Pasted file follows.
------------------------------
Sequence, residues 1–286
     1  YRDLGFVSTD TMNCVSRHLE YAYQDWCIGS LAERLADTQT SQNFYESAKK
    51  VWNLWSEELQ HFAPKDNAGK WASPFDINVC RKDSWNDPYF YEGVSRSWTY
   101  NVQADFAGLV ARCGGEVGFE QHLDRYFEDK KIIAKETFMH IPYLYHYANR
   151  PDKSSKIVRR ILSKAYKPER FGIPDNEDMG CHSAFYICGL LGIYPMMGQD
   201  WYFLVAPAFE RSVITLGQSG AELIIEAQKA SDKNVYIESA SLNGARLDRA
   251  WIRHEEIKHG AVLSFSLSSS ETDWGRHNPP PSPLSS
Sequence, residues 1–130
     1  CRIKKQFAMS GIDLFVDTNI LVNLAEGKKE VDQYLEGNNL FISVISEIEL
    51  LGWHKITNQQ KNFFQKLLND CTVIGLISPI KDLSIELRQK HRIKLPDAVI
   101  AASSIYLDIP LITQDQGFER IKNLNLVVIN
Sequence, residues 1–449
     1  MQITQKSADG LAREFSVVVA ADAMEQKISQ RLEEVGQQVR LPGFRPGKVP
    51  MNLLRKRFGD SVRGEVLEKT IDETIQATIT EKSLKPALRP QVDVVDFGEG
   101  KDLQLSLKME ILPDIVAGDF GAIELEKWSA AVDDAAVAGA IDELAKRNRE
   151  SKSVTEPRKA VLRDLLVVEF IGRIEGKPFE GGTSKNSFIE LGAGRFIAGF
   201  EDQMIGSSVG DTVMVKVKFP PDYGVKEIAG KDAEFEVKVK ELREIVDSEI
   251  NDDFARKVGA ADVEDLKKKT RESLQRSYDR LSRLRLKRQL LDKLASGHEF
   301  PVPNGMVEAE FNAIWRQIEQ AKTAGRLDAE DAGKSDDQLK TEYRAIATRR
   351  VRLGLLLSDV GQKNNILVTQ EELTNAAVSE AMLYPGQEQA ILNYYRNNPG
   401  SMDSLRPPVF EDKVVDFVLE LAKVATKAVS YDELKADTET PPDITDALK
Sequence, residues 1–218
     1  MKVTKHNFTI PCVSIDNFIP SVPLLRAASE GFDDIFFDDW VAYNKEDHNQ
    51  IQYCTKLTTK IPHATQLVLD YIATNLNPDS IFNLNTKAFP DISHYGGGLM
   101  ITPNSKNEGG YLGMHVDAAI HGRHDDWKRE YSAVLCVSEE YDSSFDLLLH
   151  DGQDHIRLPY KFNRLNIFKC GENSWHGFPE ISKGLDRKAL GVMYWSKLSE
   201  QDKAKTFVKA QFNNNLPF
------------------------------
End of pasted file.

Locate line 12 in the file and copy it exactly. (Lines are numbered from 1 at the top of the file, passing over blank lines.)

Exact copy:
Sequence, residues 1–449